Ocean-exploring robot could search for lost cities and shipwrecks

Ocean-exploring robot could search for lost cities and shipwrecks

During a recent moonlight excursion around the harbor, the conversation quickly turned to tales of piracy and exploration.

A guide shared stories of the days when tall masts and billowing sails loomed over coastal horizons, and intriguing characters like Blackbeard and Redbeard plied the seas.

We couldn’t help but wonder about the secrets that went down with the shipwrecks and lost artifacts scattered across the ocean floor. But these sites are hidden deep in the waves where humans can’t normally reach.

However, an explorer is venturing to places that no human being has visited before.

secrets of the ocean

At first glance, OceanOneK looks a bit like a diver descending through the waters off the coast of France.

Researchers at Stanford University designed the robot to dive underwater and explore sunken planes, ships, submarines, and perhaps even lost cities. And this year, the humanoid robot reached a new milestone when it plunged half a mile (852 meters) below the surface of the ocean.

The robot has hands that can cradle priceless artifacts. and bring them to the surface and stereoscopic eyes that capture the world of the deep in full color.

But another feature makes the robot even more special: a touch-based feedback system. This interactivity allows your operators feel everything they might experience if they were diving themselves: the resistance of the water and touching objects like vases and oil lamps from an ancient Roman ship.


Archaeologists have discovered telltale timbers that may have belonged to a centuries-old shipwreck, one that likely inspired the cult classic “The Goonies.”

A team of volunteers found more than 20 pieces of wood in a cave off the Oregon coast in June. The logs belonged to the 1693 shipwreck of the Santo Cristo de Burgos.

The Spanish galleon was not laden with treasure, but local lore and the ship’s mysterious fate have become history over time, possibly enough to inspire Steven Spielberg when he created his 1985 film about teenagers in Astoria in search of the a pirate’s treasure off the Oregon coast.

The discovery has reignited interest in searching for more parts of the wreck. After all, “The Goonies never say To die!”

Fantastic creatures

King penguins have reappeared in Tierra del Fuego at the tip of South America after initially disappearing.

Penguins may reign in Antarctica, but they also live in the wild in Patagonia in South America. In these remote places, scientists and conservationists dedicate their lives to protecting flightless seabirds.

Gentoo, Magellanic and King penguins act as beacons for how ecosystems are responding to the climate crisis.

“It is the perfect animal to get to know the ocean better,” said marine biologist Andrea Raya Rey.

The king penguin colony in Tierra del Fuego disappeared 200 years ago due to overhunting, but they have unexpectedly returned.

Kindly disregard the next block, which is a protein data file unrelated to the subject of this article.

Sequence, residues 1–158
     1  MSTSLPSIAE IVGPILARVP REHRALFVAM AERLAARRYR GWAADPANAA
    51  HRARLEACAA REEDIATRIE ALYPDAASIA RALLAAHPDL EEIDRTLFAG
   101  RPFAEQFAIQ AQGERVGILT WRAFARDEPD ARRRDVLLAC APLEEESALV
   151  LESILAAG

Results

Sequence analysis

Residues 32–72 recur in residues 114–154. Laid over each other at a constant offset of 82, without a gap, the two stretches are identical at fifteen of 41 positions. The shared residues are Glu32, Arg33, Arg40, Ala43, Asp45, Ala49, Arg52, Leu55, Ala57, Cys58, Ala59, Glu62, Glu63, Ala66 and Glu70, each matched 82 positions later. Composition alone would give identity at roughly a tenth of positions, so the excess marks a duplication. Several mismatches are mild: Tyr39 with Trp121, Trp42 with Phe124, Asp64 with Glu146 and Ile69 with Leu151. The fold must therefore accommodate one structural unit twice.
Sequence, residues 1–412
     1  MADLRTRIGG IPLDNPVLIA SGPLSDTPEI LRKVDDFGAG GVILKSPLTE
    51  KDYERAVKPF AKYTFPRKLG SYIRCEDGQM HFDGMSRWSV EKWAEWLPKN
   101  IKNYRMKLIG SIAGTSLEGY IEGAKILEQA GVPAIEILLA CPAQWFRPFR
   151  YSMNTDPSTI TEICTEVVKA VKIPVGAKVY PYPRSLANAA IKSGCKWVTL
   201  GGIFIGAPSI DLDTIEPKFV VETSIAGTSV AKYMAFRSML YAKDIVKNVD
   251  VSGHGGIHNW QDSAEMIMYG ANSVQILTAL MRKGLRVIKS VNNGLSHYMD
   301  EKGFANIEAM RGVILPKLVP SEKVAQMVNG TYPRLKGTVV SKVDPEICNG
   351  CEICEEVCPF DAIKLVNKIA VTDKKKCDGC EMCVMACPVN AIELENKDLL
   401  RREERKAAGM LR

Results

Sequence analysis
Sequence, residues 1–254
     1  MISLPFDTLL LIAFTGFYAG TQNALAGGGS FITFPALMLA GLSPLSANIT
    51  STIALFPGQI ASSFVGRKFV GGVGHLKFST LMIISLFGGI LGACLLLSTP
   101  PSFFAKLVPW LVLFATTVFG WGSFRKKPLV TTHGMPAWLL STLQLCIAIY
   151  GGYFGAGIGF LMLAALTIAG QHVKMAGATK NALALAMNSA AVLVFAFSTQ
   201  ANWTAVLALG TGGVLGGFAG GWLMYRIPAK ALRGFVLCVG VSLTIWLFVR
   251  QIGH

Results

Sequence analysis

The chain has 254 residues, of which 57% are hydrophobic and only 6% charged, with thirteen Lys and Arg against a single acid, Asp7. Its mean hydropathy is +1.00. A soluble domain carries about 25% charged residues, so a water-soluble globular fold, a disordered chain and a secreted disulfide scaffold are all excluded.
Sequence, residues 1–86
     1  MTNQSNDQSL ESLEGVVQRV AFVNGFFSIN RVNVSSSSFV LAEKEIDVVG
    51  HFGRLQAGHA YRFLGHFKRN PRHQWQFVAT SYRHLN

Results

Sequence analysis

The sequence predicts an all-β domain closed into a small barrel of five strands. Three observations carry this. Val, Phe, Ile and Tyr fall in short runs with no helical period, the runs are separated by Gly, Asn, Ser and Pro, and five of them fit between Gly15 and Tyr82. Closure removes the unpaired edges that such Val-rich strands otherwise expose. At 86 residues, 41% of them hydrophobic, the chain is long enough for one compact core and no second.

Learn more during Sunday’s episode of CNN’s documentary series “Patagonia: Life on the Edge of the World” at 9 pm ET/PT. Each new episode of the six-part series will be available on CNNgo the day after it airs on television. You can also access CNNgo through our CNN app.

Through the universe

Astronomers have found a “black widow” in space, and this dead star has grown to record size by feasting on another celestial object.

Like its namesake arachnid, the neutron star is devouring its companion star. This pulsing cosmic beacon also spins at a dizzying 707 times per second.

The neutron star, or the dense collapsed remains of a colossal star, weighs more than twice the mass of our sun, making it the heaviest ever observed. When these objects get too heavy, they usually collapse and form a black hole, so this could be the limit for neutron stars.


The Gorgosaurus fossil is mounted to show how the dinosaur walked on two hind legs.

Meet a rare Gorgosaurus, a relative of T. rex, but with more speed and a stronger bite. The 77-million-year-old fossil sold for just over $6 million this week during a Sotheby’s auction.

This specimen is just one of a handful of dinosaur skeletons to have made it to the bidding block, a trend that worries scientists. When fossils are auctioned, they may end up in private collections, meaning paleontologists can’t study them.

It is unknown who bought the “ferocious lizard”, but the buyer will have the unusual opportunity to name it.


Get comfortable with these reads:

— Fossils show sharks have been on Earth longer than trees and dinosaurs, and an ocean phenomenon is bringing them closer to shore this summer.
— The first mission to return samples from another planet will land on Earth in 2033, and two Ingenuity-style helicopters will help retrieve the Martian rocks.
— Photographer Joel Sartore is on a mission to capture images of 20,000 species to prevent the extinction of creatures large and small. See some of these endangered species through Sartore’s lens.
And keep an eye on the night sky this weekend for a meteor shower. Here’s how to watch.
Do you like what you have read? Oh, but there is more. sign up here to get the next issue of Wonder Theory, hosted by CNN Space and Science writer, delivered to your inbox ashley stricklandthat finds wonders on planets beyond our solar system and discoveries of the ancient world.

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